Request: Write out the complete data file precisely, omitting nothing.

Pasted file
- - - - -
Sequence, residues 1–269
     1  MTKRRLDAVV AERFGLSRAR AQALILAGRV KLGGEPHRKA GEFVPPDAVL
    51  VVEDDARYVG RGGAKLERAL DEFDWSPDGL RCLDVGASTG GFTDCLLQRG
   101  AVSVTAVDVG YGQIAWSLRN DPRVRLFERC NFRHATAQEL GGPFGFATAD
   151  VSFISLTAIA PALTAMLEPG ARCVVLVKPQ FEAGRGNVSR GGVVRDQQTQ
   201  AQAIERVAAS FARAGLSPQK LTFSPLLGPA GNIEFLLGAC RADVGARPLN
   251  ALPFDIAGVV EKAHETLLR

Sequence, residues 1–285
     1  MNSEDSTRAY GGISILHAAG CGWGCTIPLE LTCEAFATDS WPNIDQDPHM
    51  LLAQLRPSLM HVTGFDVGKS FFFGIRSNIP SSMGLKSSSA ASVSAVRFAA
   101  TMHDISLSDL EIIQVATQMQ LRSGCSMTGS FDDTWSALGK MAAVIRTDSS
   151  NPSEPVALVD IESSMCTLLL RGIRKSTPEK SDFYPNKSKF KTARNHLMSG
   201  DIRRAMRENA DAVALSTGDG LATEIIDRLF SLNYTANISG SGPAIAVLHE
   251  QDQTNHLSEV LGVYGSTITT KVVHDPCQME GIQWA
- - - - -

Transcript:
Sequence, residues 1–269
     1  MTKRRLDAVV AERFGLSRAR AQALILAGRV KLGGEPHRKA GEFVPPDAVL
    51  VVEDDARYVG RGGAKLERAL DEFDWSPDGL RCLDVGASTG GFTDCLLQRG
   101  AVSVTAVDVG YGQIAWSLRN DPRVRLFERC NFRHATAQEL GGPFGFATAD
   151  VSFISLTAIA PALTAMLEPG ARCVVLVKPQ FEAGRGNVSR GGVVRDQQTQ
   201  AQAIERVAAS FARAGLSPQK LTFSPLLGPA GNIEFLLGAC RADVGARPLN
   251  ALPFDIAGVV EKAHETLLR

Sequence, residues 1–285
     1  MNSEDSTRAY GGISILHAAG CGWGCTIPLE LTCEAFATDS WPNIDQDPHM
    51  LLAQLRPSLM HVTGFDVGKS FFFGIRSNIP SSMGLKSSSA ASVSAVRFAA
   101  TMHDISLSDL EIIQVATQMQ LRSGCSMTGS FDDTWSALGK MAAVIRTDSS
   151  NPSEPVALVD IESSMCTLLL RGIRKSTPEK SDFYPNKSKF KTARNHLMSG
   201  DIRRAMRENA DAVALSTGDG LATEIIDRLF SLNYTANISG SGPAIAVLHE
   251  QDQTNHLSEV LGVYGSTITT KVVHDPCQME GIQWA